The two dozen students who signed up for air pollution expert James Goldstene’s advanced environmental studies class all say they are deeply passionate about fighting climate change.
But when it comes to voting in the U.S. presidential election, many said climate change was not their top issue.
Their priorities ahead of the Nov. 3 election reflect those of the wider electorate: the battered U.S. economy, the COVID-19 pandemic and racial justice.
“I know everybody’s biggest issue right now within this class is environment. And it’s super important to me but another thing that I feel is more important personally because I’m an African-American woman is race,” said Kelia Surrency, 23.
“The environment is 100% important to me, but I need someone in that office that doesn’t look at the Black community as lesser-than.”
Many in the class at California State University, Sacramento, were having trouble finding entry-level jobs or internships in the COVID-wracked economy, said Goldstene, a former top California air pollution regulator.
“With COVID going on and a lot of people losing their jobs and struggling, worrying about how they are going to pay for stuff. I think that does overshadow climate,” said another student, Enrique Dominguez, 23.
The students’ views illustrate how climate change, even when an issue of great voter concern, is eclipsed by other problems.
“Our attention span is limited,” said Joe Arvai, director of the Wrigley Institute for Environmental Studies at the University of Southern California. “Unless your house is on fire, you’re not going to be experiencing climate change firsthand.”
Only 7% of likely voters aged 34 and under named environment and climate as their top concern in choosing a president, according to a Reuters/Ipsos poll conducted between Sept. 29 and Oct. 13. Among likely voters of all ages, only 4% prioritized climate and environment.
By comparison, COVID-19 was the top concern for 25% of young voters, while jobs and the economy were named by 20%.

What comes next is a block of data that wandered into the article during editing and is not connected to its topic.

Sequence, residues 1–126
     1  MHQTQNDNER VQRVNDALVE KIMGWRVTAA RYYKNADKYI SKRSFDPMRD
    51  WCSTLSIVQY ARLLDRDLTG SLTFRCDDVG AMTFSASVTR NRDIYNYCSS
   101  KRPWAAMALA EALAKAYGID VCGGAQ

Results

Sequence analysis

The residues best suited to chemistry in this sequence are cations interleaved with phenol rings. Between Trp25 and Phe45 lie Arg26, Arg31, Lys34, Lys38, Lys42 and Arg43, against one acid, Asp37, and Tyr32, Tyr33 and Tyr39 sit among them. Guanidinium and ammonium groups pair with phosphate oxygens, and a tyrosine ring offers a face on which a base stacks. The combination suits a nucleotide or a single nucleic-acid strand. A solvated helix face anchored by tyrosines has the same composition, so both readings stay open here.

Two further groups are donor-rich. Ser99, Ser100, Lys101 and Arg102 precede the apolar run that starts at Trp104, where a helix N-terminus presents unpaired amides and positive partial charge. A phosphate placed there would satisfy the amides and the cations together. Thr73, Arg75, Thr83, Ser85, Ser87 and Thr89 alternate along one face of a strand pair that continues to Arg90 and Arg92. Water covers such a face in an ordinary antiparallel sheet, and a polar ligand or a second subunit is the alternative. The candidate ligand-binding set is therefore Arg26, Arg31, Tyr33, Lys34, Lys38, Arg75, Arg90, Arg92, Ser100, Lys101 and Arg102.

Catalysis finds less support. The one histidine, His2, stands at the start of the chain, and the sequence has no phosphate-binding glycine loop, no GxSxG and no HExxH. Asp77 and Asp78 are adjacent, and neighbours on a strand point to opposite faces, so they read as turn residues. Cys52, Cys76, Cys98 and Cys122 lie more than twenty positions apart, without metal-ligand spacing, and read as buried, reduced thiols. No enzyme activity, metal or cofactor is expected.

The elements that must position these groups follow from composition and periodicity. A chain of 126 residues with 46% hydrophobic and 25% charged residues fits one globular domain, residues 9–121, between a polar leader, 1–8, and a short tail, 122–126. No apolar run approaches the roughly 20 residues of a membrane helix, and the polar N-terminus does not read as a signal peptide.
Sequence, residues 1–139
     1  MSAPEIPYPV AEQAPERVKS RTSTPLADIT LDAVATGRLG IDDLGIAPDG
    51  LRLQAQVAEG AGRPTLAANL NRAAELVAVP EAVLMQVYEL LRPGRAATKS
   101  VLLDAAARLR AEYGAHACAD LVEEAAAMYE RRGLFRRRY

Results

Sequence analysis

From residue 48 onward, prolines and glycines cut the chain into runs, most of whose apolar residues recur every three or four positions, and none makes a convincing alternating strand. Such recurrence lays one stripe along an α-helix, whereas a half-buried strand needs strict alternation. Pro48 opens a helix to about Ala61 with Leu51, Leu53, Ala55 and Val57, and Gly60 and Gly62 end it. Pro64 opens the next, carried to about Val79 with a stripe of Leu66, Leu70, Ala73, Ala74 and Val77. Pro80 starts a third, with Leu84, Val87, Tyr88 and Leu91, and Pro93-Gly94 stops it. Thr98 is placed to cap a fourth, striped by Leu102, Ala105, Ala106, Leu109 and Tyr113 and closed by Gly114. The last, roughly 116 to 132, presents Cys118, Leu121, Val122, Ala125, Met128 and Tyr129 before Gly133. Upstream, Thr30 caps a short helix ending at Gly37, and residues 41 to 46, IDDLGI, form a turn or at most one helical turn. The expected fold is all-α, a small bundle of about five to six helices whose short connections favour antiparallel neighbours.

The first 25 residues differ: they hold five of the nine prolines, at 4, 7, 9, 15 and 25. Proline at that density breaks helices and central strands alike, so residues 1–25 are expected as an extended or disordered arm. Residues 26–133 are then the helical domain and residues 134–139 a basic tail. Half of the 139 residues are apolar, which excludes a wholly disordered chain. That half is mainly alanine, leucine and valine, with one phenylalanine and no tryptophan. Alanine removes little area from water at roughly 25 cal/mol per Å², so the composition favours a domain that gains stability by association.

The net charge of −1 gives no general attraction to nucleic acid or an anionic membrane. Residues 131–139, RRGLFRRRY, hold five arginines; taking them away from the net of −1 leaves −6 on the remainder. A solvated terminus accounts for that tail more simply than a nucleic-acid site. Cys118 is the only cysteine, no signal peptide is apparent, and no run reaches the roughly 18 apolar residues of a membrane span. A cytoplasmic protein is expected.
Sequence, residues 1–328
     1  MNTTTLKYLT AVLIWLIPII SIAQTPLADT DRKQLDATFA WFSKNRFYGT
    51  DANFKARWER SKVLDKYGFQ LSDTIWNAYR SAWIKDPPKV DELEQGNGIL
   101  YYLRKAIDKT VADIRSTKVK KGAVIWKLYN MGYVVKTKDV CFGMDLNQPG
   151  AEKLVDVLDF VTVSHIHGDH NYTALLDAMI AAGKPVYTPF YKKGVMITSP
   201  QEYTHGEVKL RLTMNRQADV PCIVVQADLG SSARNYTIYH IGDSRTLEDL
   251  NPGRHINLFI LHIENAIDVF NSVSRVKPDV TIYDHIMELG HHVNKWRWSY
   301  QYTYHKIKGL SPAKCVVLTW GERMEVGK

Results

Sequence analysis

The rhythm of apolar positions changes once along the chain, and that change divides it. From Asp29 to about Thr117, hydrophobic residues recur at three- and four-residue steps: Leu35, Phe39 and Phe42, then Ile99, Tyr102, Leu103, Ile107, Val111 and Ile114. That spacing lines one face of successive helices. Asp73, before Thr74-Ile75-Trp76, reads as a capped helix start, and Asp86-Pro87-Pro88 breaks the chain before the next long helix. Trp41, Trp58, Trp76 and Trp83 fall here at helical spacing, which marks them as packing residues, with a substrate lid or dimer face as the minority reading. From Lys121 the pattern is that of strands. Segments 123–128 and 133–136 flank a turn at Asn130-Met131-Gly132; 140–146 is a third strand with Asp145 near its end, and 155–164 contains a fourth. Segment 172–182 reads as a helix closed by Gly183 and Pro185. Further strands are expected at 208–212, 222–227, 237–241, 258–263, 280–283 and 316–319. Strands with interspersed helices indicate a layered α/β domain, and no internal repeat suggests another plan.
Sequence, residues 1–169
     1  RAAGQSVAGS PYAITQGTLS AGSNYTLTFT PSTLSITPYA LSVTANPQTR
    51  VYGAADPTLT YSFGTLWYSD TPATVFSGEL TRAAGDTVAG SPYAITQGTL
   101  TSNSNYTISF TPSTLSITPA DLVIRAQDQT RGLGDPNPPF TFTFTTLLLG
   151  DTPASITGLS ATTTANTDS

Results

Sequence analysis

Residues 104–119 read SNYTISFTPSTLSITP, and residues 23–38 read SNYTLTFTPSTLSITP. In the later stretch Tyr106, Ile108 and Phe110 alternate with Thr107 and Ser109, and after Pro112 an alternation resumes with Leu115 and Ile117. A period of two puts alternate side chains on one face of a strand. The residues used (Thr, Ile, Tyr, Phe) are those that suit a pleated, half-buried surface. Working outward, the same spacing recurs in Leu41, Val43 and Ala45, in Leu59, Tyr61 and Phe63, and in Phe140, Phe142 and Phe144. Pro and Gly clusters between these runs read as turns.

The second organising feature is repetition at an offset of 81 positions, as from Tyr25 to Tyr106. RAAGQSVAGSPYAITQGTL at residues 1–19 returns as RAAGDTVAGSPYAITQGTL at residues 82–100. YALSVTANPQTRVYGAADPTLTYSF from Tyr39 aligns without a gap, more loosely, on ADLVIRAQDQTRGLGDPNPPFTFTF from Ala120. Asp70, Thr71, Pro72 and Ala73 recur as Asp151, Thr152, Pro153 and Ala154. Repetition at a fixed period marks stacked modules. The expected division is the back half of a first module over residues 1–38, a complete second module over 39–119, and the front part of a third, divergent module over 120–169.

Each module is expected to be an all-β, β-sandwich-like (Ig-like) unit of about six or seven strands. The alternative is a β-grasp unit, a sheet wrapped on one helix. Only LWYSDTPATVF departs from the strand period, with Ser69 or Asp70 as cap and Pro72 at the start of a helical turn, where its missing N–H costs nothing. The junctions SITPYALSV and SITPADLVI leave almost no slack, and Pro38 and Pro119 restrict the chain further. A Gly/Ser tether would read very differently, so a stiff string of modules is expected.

Nevertheless, Democratic candidate Joe Biden has made climate change a campaign priority, his campaign said.
The campaign sees young voters as important to Biden’s chances of winning the election — a major challenge given the typically low turnout by the demographic. In 2016, turnout among voters under the age of 30 was about 46%, according to the U.S. Census Bureau. By comparison, 71% of those 65 and older voted.
Aware of voters’ worries about the economy, public health and systemic racism, Biden’s campaign has wrapped environmental issues into a broader discussion of green jobs and a healthier environment.
“When you look at a really deep issue like climate, there’s no way to separate it in your solution from the interconnected and overlapping issues like job creation, economic growth, prosperity and also health,” said climate activist and billionaire Tom Steyer, who is advising Biden on environmental issues.
Biden has endorsed a $2 trillion plan to promote clean energy and repair infrastructure.
His campaign has released several digital ads aimed at young people that mention climate, mostly in the context of other issues. An online youth engagement meeting focused heavily on jobs and the economy.
Biden’s campaign released a television ad focusing exclusively on climate, but it was aimed at farmers rather than young people.
“Joe Biden recognizes that our country is grappling with four intersecting crises — the raging pandemic, economic collapse, persistent racial injustice, and existential threat of climate change — and is exactly why he has outlined an integrated, ambitious, and bold agenda to ensure we tackle these crises together,” said spokesman Matt Hill.
President Donald Trump has sought to frame Biden’s climate plans as a radical leftist agenda that would cost too much and hurt economic growth. By contrast, his campaign has said it would continue to ease business restrictions to boost the economy.
His campaign has also invoked the environment, arguing that Trump’s pro-industry policies have led to lower carbon emissions.
“President Trump’s record on the environment proves you can have energy independence and a clean, healthy environment without destroying the economy, overregulating, or burdening American taxpayers,” Trump spokeswoman Samantha Zager said. “The president will continue to rely on policies of innovation and competition.”
The emissions reductions noted by Trump’s campaign were driven largely by the retirement of coal plants. Air quality also continued to improve under Trump following the same trajectory as in previous Republican and Democratic administrations.
It would be a mistake to ignore young voters’ concerns about the environment, said Ben Wessel, head of the youth outreach group NextGen America founded by Steyer. Stronger campaign messages on climate could draw more young voters to the polls, he said.
That could be the case for Goldstene’s student Michaela Gallagher, 24. Alarmed by climate change, she says she is leaning toward casting a ballot for the Democrat because she feels he will do more than Trump for the environment. But she also might vote for a third-party candidate or skip voting.
“I’m all over the place about it,” she said.